Researchers from Swinburne University of Technology and the University of Cambridge have confirmed that electromagnetism in a distant galaxy has the same strength as here on Earth.
They observed a quasar – a supermassive black hole with enormously bright surroundings – located behind the galaxy. On its journey toward Earth, some of the quasar’s light was absorbed by gas in the galaxy eight billion years ago, casting shadows at very specific colours.
“The pattern of colours tells us how strong electromagnetism is in this galaxy, and because the quasar is one of the brightest ones known, we were able to make the most precise measurement so far,” says Swinburne PhD student Srdan Kotus.
“We found electromagnetism in this galaxy was the same as here on Earth within just one part per million – about the width of a human hair compared to the size of a sports stadium.”
Electromagnetism is one of the four known fundamental forces of nature.
“Electromagnetism determines almost everything about our everyday world, like the light we receive from the Sun, how we see that light, how sound travels through the air, the size of atoms and how they interact,” says Swinburne’s Michael Murphy.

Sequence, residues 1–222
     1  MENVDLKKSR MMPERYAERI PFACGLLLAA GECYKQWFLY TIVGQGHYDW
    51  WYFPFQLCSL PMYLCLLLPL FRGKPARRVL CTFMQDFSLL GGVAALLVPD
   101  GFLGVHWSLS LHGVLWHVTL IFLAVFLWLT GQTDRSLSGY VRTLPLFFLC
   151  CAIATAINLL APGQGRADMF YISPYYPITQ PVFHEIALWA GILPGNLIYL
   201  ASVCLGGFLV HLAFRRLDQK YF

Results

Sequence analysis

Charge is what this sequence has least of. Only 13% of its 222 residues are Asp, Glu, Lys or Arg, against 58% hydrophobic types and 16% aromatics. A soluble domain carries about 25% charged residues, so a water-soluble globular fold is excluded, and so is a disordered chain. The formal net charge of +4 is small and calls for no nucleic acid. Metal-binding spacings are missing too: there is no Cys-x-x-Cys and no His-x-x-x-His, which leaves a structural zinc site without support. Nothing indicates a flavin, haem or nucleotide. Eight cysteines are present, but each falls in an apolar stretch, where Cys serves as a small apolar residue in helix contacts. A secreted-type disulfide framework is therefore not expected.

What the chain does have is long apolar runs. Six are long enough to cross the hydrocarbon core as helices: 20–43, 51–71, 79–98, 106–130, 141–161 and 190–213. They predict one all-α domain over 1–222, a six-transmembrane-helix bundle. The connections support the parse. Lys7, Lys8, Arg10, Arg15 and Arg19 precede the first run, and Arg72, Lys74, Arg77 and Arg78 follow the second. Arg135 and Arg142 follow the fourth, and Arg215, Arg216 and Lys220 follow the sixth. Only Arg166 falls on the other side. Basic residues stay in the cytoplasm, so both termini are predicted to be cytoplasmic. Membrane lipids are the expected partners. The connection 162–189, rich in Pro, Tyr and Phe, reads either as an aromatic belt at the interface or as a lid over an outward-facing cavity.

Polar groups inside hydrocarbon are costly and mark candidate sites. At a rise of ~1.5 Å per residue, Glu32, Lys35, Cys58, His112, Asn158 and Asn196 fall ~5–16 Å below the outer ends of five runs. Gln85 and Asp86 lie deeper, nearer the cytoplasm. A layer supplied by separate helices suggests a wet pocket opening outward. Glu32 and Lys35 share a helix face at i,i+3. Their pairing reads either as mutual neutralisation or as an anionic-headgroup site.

“But no one knows why electromagnetism has the strength it has and whether it should be constant, or vary, and why.”
Most previous attempts to measure electromagnetism have been limited by instruments called spectrographs – the ‘light rulers’ used to measure the pattern of shadows in the quasar’s rainbow of colours. The researchers used spectrographs at the European Southern Observatory’s Very Large Telescope (VLT) and 3.6 metre telescope in Chile to make their observations.
“The VLT’s spectrograph is a little inaccurate: it’s a high-quality ruler for measuring light, but the numbers on that ruler are a little offset. So, to make the best measurement, we also used the 3.6 metres telescope’s spectrograph to provide very accurate numbers,” says Kotus.
“For me, finding that electromagnetism is constant over more than half the universe’s age just deepens the mystery – why is it that way? We still don’t know,” Murphy says.
“It’s remarkable that distant galaxies provide such a precise probe of such a fundamental question. With even larger telescopes now being built, we’ll be able to test it even better in the near future.”